Exhaustion and enforcement of IP rights

Notwithstanding that there may not be the general principle of free movement of goods for customs tariffs post-Brexit, the group notes that:

  • In relation to the exhaustion of rights, given that the matter may be treated differently in the EU27 and the UK, both sides could agree specifically that the rules relating to exhaustion apply to goods moving between the EU and the UK; and
  • In relation to enforcement, it remains in the interests of the EU27 and the UK to have a common customs system to counter the trade in counterfeit and pirated goods between their territories, and so both sides should agree that existing EU Regulations concerning customs and enforcement of IP rights will apply, mutatis mutandis. This should mean that one Application for Customs Action can still be filed to cover the EU27 and the UK.

IP litigation, existing contracts and .eu domains

The statement is silent on a number of additional topics of interest to rights holders and IP practitioners alike in the run up to Brexit.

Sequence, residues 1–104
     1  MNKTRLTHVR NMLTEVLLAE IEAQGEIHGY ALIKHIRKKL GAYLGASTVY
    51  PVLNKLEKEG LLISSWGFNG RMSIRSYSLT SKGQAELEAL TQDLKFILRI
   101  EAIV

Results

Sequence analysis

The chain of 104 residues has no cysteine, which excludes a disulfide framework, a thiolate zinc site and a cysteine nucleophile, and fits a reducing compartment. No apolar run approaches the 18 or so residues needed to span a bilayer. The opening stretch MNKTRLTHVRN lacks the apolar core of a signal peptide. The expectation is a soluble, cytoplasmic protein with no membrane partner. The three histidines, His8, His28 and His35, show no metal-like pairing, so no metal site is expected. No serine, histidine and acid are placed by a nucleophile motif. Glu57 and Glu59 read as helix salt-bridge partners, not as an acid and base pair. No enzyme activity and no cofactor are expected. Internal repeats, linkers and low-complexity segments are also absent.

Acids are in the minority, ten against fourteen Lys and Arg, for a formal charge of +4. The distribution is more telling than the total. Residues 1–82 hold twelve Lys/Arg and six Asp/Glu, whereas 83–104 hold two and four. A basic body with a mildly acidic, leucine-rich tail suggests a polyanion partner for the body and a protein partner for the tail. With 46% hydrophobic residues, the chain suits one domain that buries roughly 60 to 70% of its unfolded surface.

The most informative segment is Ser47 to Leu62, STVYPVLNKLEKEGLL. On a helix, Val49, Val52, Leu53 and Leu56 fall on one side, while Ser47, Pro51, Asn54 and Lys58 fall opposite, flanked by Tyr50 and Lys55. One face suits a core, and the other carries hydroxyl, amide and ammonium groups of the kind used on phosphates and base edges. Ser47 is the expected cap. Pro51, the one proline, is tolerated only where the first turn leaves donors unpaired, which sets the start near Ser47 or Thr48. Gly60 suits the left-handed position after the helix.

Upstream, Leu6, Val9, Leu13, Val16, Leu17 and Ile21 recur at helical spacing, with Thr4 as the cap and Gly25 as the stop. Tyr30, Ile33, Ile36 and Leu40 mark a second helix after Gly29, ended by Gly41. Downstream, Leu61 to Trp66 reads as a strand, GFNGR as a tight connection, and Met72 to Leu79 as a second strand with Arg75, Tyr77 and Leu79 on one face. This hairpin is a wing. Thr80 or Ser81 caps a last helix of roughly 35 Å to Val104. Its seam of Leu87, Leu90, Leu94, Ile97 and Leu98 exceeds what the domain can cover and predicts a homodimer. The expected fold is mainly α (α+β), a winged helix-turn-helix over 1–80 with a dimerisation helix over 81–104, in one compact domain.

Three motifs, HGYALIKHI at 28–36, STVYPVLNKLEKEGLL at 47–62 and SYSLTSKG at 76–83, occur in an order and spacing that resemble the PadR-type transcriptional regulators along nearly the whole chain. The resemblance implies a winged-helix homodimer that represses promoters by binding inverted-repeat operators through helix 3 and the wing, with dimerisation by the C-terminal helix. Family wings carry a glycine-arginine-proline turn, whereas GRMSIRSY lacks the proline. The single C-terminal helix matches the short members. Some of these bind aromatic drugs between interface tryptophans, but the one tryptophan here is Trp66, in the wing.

These include the matters of pending litigation involving registered EU rights (in particular, pan-EU injunctions, invalidity and revocation counter-claims, and references to the Court of Justice of the European Union); the interpretation of references to the EU in contracts formed pre-Brexit (and the possibility of legislation being adopted to provide certainty around the approach, once agreed); and potential solutions for registrants of .eu domain names without a place of business within the EU27 for the purposes of maintaining their domain registrations.

The statement does, however, end by noting that some of the organisations in the group have their own additional, more detailed recommendations, which they will submit separately to the Commission. It is perhaps in these additional submissions that greater detail on all of the above, and perhaps insights into these other topics, will be provided.

Additional Practical Law Brexit and IP resources

For an extensive range of Practical Law resources on the legal implications of Brexit, see our Brexit landing page, and for materials relating specifically to IP and Brexit (including practice notes, recent hot topic articles, and current legal updates), see Brexit materials: Intellectual property and life sciences.

 

Jennifer Phillips